What's New In The Community: May 2015
Monday, May 04 2015
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brendachild-bw.jpgBrenda Child wins American Indian National Book Award

“My Grandfather’s Knocking Sticks: Ojibwe Family Life and Labor on the Reservation” by Dr. Brenda J. Child won the the seventh annual Labriola Center American Indian National Book Award.

Child uses her family’s own powerful stories to tell a different kind of history – one that puts her reader’s feet on the reservation. She shows how Ojibwe men and women on reservations around the Great Lakes sustained both their families and their cultural identity in the face of extreme prejudice and hardship.

Winners of the Labriola Center American Indian National Book Award cross multiple disciplines or fields of study, are relevant to contemporary North American Indian communities and focus on American Indian Studies, modern tribal studies, modern biographies, tribal governments or federal Indian policy.

Dedicated in 1993, the Labriola National American Indian Data Center in the Arizona State University (ASU) Libraries is one of the only repositories within a public university library devoted to American Indian collections. The Labriola Center holds both primary and secondary sources on American Indians across North America. The Center’s primary purpose is to promote a better understanding of American Indian language, culture, social, political and economic issues. The Labriola National American Indian Data Center has been endowed by Frank and Mary Labriola whose wish has been that “the Labriola Center be a source of education and pride for all Native Americans.”

“My Grandfather’s Knocking Sticks” was also a finalist for a Minnesota Book Award.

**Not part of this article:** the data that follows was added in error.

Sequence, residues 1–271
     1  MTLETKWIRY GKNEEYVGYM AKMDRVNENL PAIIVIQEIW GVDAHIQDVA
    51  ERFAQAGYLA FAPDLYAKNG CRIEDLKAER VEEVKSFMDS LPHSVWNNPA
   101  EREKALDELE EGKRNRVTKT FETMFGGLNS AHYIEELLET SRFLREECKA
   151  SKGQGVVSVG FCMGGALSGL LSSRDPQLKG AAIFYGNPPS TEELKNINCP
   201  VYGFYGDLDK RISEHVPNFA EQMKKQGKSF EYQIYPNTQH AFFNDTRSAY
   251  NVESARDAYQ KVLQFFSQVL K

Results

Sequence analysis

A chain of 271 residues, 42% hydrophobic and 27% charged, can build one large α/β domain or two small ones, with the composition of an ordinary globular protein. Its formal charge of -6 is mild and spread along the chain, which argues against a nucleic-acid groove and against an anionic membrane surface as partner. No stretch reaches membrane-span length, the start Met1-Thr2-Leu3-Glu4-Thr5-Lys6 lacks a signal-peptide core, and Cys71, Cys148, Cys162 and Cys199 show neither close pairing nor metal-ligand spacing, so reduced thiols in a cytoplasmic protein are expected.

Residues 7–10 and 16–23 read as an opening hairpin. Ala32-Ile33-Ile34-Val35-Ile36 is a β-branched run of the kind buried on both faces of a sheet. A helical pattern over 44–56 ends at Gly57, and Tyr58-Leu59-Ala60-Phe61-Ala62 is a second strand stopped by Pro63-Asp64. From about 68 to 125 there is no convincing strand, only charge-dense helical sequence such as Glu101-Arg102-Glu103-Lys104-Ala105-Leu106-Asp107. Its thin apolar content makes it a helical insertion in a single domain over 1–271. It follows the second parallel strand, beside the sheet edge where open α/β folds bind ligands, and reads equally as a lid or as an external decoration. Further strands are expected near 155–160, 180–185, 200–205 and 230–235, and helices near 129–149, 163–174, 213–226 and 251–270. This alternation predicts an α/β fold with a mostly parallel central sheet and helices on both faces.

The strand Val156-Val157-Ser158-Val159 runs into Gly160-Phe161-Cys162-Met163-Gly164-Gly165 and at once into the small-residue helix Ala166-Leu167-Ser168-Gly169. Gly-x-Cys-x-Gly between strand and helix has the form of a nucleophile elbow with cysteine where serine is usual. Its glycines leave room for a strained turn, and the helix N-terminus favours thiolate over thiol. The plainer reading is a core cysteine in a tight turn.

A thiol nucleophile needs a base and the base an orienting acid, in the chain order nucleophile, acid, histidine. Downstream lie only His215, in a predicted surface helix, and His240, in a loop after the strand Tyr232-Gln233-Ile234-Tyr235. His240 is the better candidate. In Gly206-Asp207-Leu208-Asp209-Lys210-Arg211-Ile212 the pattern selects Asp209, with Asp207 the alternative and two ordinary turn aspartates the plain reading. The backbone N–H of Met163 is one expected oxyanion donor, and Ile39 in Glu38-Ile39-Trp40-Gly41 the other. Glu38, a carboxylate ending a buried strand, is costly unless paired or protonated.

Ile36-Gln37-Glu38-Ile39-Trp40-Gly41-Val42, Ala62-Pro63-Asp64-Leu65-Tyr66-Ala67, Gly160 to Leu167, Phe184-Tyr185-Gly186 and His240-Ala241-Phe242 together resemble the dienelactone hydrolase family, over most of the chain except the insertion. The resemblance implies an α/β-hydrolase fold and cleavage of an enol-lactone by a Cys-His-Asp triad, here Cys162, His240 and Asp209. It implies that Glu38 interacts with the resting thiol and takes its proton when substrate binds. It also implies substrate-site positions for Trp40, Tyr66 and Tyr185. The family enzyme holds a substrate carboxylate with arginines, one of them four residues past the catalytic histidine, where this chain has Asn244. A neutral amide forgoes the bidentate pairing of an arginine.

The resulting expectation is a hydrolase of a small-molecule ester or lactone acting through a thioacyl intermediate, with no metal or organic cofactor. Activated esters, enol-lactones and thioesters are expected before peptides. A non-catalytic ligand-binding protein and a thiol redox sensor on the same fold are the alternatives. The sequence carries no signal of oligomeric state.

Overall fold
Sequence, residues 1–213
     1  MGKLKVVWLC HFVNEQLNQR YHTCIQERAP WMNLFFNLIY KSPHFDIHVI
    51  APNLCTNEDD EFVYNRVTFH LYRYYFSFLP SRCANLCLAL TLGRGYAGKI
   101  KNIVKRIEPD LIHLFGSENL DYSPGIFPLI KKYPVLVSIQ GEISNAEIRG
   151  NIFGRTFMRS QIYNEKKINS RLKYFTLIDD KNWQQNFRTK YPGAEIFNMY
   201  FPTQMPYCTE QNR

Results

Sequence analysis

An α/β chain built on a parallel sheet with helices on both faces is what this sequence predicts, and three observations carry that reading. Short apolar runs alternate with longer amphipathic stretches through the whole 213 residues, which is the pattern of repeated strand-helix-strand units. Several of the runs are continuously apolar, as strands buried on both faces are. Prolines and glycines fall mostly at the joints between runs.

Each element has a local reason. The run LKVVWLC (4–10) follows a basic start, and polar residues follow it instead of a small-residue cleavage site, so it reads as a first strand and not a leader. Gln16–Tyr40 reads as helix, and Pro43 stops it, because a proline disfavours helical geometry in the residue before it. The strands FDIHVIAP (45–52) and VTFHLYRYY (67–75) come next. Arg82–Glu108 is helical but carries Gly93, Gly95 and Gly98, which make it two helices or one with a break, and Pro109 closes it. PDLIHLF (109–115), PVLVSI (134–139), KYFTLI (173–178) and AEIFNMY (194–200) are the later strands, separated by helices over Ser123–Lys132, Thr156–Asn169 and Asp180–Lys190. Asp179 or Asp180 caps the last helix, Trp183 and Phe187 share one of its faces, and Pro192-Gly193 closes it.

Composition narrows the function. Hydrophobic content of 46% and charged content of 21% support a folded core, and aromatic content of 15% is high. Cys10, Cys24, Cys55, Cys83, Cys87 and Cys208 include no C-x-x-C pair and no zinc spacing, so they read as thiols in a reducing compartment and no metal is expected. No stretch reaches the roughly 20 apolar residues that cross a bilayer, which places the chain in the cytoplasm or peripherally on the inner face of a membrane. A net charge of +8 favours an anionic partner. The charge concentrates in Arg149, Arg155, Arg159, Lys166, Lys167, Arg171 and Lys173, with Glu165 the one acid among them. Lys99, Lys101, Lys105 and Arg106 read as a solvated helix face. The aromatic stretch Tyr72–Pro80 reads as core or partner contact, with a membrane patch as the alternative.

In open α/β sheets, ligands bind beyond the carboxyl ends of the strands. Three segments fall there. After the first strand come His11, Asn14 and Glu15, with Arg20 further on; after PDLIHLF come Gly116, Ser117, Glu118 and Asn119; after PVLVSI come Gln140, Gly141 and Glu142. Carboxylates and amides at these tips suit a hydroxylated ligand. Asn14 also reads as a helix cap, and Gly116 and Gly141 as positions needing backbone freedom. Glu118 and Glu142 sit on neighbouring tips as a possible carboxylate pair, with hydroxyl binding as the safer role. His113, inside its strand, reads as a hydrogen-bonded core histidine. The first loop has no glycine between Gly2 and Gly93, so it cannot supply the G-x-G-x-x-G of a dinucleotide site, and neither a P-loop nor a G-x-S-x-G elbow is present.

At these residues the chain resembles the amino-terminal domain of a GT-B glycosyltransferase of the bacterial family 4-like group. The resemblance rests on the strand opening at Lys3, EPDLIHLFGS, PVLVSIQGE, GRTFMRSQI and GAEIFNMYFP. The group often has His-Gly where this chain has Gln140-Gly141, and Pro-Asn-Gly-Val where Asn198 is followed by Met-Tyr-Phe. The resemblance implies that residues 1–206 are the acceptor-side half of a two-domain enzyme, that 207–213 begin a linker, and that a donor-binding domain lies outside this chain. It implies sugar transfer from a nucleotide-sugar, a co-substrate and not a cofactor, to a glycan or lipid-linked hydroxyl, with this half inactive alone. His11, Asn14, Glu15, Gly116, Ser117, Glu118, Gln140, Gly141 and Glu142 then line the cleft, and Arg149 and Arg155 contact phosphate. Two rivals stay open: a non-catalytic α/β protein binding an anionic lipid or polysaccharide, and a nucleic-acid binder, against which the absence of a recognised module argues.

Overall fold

Child is an associate professor of American Studies and American Indian Studies at the University of Minnesota and serves on the Board of Directors of The Circle News.

David Bice honored with 2015 Progress Minnesota Award

Finance & Commerce honored David Bice, owner of Bald Eagle Erectors with the organization’s Individual 2015 Progress Minnesota Award on April 9 at the Hyatt in downtown Minneapolis.

Bice is a citizen of the White Earth band of Ojibwe. He is a leader in the Native American community, serving on the Boards of Directors for the Tiwahe Foundation as well as The Circle News.

Bice joined the Marine Corps in 1977 and graduated from Honolulu High, serving three years in the Marines and was honorably discharged as a corporal in 1980. He says that the key turning point in career was the Marines, which he says gave him direction and taught him to never give up.

During the past two decades, Dave Bice has grown his Forest Lake-based Bald Eagle Erectors to $11.4 million in annual revenue and 60 employees. The company has completed ironwork on many noteworthy projects, including the Minneapolis Central Library, the Guthrie Theater and Target Field Station.

Bice also landed a contract at the $1 billion Minnesota Vikings stadium project with the help of a $200,000 working capital loan designed for small minority-owned businesses. Bice believes his company is the only Native American-owned steel erector in Minnesota. He has 14 ironworkers at the Vikings stadium project and is using the Minneapolis Foundation loan to help with cash flow.